Comment

Comment, analysis and debate for those with an interest in the issues facing women in the criminal justice system...


Comment and Analysis

Jul13 13/07/2017 10:43:00 by Zoey

Women with poor mental health are being imprisoned unnecessarily. Some never make it out.

Heather Saul from iNews, spoke to Jenny Earle, Programme Director, and Dr Kimmett Edgar, Head of Research, about the 12 self-inflicted deaths in women's prisons in 2016.
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Jun2 02/06/2017 16:23:00 by Zoey

The Prison Reform Trust’s Active Citizens programme seeks to promote opportunities for prisoners to take on responsibility, engage in constructive work, and contribute to the life of the prison community.

The format is simple: the Prison Governor identifies a ‘problem’ for a working group of prisoners to work through and address, with facilitation from Prison Reform Trust staff.

Back in February, my colleague and I were set a task from a Governor at a women’s prison, to run four working groups with ten women to assess ‘how they can make the prison a community’. This was chosen as the Governor and his team recognised that to improve prison conditions, you must involve the people living in them.

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May17 17/05/2017 14:10:00 by Zoey

The Government’s White Paper on Prison Safety and Reform published in November 2016 promised that a strategy setting out how we will improve the treatment of female offenders in custody and community” would be published in 2017.

In response to a ‘call for evidence’ from the Ministry of Justice, earlier in May we submitted our proposals for a comprehensive programme of reforms that would deliver better outcomes for women, their families and communities.  Read our evidence here.
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May4 04/05/2017 10:38:00 by Zoey

Dr Kay Richmond, Chair of the Soroptimist International UK Programme Action Committee and member of Prison Reform Trust's Transforming Lives Advisory Group has blogged about the work Soroptimist clubs have been doing across the UK to disseminate the Transforming Lives (2014) report findings.

Kay discusses future work with Prison Reform Trust to help change the way women’s minor offending is addressed across the UK; focusing more on community-based solutions with an emphasis on diversion out of the criminal justice system, and on appropriate help for women in addressing the causes of offending.

Read Kay's blog here.
Mar24 24/03/2017 16:43:00 by Zoey

On the 3 November 2016, the Ministry of Justice published a White Paper ‘Prison Safety and Reform’ setting out the government’s vision for reform of the prison estate in England and Wales.  In relation to women, the White Paper committed to publishing a strategy to “improve the safety and reform of female offenders in custody and in the community”, and for “the creation of five small community prisons for women”.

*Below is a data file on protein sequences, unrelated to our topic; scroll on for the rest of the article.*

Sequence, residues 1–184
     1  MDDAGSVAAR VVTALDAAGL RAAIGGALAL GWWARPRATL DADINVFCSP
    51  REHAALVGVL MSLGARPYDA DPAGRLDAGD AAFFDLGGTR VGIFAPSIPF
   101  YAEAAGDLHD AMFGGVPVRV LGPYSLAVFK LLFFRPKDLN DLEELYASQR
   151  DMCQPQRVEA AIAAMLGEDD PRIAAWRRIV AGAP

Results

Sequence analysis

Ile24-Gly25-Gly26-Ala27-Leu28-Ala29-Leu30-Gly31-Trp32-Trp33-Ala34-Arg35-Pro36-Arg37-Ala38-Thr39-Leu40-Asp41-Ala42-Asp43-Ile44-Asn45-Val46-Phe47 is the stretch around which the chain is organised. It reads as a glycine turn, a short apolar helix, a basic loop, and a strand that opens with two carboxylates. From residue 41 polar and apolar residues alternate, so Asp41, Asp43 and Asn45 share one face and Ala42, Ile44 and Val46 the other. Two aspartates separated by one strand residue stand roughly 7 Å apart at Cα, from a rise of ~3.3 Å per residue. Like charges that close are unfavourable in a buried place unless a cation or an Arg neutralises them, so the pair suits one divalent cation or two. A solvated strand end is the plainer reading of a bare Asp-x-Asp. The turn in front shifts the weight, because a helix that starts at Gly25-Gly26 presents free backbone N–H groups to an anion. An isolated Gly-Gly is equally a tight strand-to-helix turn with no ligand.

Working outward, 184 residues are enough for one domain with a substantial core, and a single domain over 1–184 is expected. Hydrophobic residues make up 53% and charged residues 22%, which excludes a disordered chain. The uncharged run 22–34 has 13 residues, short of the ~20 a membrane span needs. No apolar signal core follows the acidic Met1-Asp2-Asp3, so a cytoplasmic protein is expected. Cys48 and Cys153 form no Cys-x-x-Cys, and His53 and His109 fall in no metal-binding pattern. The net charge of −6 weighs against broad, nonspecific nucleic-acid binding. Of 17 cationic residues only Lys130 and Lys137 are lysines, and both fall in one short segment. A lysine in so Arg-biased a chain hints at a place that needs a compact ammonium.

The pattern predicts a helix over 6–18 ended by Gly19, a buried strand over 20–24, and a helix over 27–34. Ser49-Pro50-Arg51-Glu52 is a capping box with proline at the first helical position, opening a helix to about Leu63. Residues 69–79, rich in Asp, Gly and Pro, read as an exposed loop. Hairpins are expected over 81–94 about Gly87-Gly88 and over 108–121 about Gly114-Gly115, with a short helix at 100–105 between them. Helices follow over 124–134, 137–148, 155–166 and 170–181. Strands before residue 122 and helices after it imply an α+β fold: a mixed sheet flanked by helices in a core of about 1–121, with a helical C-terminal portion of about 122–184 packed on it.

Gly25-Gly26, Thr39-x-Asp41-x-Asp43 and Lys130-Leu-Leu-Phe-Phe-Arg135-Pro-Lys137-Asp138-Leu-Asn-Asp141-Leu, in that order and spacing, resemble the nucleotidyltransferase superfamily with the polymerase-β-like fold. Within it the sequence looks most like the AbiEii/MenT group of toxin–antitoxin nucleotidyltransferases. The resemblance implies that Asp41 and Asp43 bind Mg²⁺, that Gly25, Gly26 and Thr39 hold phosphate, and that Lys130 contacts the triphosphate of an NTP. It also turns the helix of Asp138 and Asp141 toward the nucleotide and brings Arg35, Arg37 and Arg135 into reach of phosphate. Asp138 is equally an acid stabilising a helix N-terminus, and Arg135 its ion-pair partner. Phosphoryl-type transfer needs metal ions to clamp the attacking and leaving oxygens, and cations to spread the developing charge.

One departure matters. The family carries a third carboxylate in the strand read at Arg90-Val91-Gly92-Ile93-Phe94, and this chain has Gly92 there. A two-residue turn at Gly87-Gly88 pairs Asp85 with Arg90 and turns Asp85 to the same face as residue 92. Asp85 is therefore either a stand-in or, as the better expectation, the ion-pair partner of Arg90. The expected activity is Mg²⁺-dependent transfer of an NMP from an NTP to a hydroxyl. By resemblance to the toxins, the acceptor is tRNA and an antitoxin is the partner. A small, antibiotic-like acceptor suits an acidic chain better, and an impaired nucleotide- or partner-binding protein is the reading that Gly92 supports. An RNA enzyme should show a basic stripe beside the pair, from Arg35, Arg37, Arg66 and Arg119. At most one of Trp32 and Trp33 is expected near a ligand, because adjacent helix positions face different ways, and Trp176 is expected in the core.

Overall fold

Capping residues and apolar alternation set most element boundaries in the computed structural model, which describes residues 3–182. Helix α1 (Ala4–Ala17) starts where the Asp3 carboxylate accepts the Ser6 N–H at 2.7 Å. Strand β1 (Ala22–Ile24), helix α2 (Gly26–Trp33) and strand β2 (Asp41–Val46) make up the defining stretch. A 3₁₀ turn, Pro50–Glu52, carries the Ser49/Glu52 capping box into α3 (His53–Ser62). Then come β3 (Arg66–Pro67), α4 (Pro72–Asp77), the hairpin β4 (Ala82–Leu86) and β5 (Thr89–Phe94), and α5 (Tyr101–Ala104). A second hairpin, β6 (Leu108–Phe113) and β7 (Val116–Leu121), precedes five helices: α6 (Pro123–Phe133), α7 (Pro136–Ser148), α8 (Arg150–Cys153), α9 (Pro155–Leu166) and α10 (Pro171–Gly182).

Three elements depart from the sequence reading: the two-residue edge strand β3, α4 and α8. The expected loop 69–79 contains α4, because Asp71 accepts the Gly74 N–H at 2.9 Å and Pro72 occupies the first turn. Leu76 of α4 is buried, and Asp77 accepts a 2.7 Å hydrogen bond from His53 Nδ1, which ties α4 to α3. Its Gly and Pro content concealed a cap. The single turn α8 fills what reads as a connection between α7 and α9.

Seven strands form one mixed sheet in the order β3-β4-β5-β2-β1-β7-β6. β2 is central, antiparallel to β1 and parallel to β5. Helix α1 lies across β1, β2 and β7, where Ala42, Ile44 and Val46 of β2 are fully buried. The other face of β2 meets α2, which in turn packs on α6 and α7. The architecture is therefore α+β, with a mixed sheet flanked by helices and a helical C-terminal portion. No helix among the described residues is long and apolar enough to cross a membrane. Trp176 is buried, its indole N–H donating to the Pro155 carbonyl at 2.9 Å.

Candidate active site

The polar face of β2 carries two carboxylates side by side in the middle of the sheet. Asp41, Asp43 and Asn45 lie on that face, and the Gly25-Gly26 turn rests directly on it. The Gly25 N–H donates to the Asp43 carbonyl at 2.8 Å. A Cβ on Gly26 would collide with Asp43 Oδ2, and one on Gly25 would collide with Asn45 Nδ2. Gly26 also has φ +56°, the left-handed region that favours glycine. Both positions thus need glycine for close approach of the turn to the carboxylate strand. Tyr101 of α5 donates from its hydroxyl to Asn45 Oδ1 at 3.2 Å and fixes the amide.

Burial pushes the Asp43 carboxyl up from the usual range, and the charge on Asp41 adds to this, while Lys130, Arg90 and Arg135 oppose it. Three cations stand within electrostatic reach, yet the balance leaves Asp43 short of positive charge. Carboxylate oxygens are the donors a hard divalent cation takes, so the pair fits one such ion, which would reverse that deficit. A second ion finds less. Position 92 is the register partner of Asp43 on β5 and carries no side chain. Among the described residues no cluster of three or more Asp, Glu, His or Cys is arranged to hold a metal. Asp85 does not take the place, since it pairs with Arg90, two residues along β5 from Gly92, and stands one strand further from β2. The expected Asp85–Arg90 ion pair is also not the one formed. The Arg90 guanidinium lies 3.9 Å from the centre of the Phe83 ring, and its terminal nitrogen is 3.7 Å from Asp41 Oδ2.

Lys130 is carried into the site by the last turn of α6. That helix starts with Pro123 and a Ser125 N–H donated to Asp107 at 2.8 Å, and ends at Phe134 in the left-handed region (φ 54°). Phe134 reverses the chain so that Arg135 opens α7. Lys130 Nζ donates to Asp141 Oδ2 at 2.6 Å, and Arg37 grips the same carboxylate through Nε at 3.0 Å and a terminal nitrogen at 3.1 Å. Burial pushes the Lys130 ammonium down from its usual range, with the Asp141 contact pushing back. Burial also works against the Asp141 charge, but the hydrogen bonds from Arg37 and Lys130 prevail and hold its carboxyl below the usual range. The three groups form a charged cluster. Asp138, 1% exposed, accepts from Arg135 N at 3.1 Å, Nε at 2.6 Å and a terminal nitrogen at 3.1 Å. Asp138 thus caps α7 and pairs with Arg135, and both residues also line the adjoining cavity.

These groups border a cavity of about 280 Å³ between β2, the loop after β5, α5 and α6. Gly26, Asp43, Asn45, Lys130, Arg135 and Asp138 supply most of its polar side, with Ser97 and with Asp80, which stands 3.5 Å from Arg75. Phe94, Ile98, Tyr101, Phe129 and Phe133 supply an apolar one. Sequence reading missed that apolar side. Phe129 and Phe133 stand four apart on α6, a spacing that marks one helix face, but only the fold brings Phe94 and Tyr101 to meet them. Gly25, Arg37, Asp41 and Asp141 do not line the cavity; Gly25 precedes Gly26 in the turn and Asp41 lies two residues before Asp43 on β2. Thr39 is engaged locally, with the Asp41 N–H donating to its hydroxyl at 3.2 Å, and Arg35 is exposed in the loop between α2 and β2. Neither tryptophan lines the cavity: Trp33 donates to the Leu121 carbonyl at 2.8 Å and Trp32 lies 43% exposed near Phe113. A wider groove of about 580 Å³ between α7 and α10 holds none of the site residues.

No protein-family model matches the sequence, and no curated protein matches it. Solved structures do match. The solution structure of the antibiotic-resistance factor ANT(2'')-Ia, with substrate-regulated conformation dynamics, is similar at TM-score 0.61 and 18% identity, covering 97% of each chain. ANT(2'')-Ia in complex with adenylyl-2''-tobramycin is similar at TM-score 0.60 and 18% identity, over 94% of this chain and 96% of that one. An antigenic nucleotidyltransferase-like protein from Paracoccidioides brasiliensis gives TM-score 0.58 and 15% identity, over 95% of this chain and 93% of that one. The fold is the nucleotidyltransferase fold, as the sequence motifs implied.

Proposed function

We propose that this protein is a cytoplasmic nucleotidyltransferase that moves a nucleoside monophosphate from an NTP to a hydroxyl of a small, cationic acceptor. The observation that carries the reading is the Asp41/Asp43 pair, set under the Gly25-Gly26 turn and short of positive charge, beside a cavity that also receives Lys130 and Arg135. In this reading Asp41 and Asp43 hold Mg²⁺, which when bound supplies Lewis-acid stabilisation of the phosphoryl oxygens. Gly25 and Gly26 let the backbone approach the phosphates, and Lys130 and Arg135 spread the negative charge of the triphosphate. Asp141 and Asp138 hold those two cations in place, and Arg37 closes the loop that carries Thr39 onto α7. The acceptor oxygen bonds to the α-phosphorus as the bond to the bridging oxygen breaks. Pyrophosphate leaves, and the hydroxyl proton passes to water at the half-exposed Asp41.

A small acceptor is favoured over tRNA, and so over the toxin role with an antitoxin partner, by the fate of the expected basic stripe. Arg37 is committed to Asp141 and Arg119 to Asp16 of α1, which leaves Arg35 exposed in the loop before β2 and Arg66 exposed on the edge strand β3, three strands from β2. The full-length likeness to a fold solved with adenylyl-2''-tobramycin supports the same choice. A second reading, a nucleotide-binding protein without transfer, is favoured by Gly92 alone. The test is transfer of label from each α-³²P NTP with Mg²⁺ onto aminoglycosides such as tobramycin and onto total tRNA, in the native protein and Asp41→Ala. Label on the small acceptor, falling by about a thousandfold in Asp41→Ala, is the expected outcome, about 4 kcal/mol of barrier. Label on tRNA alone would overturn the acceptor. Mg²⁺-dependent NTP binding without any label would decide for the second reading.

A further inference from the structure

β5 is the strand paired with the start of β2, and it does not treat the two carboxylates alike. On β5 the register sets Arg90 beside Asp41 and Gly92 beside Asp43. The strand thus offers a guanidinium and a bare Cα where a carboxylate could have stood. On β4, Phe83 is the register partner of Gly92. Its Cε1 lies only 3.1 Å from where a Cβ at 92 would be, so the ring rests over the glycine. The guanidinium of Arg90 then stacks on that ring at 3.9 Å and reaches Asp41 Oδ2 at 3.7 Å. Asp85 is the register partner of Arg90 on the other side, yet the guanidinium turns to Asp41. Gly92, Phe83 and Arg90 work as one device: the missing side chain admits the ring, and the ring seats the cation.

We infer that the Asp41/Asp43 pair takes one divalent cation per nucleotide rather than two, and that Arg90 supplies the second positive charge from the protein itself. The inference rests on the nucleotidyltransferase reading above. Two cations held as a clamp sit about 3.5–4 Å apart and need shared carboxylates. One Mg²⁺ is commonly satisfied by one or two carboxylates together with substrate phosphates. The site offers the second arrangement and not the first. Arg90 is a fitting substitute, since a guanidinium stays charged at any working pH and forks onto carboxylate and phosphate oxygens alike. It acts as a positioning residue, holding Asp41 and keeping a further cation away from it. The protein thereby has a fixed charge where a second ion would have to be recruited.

In response to this, we have put a proposal to the Ministry of Justice to invest in a network of women's centres across England and Wales. Download the proposal here.

In 2015 the Justice Data Lab assessed the impact on re‐offending of support provided to female offenders by Women’s Centres throughout England.It showed a significant reduction in the number of women that reoffended who had support.




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Nov21 21/11/2016 10:30:00 by Zoey

Chair of the National Criminal Justice Arts Alliance Alison Frater blogs about a collaborative event at the Houses of Parliament on 25th October. The event, hosted by the National Criminal Justice Arts Alliance and held in conjunction with Clinks, Prison Reform Trust and Agenda: Alliance for Women and Girls at Risk, saw a performance of Open Clasp’s ‘Key Change’ followed by a panel discussion.

Read the blog online here.

Alison Frater is an independent public health consultant, with particular expertise in women’s health. She was until recently  Head of Public Health and Health in the Justice System for NHS London, responsible for developing the strategy for women's health in the criminal justice system. Alison has expertise in research and implementation of evidence-based policy, with a strong focus on advocacy for social justice and reducing inequalities.  Alison is a visiting professor at Royal Holloway, University of London and a senior research fellow at the University of Southampton.  She was appointed Chair of the National Alliance for Arts in Criminal Justice in 2015, and is a champion of the role of the arts as a springboard to change. Alison is also a member of Prison Reform Trust's Transforming Lives Advisory Group.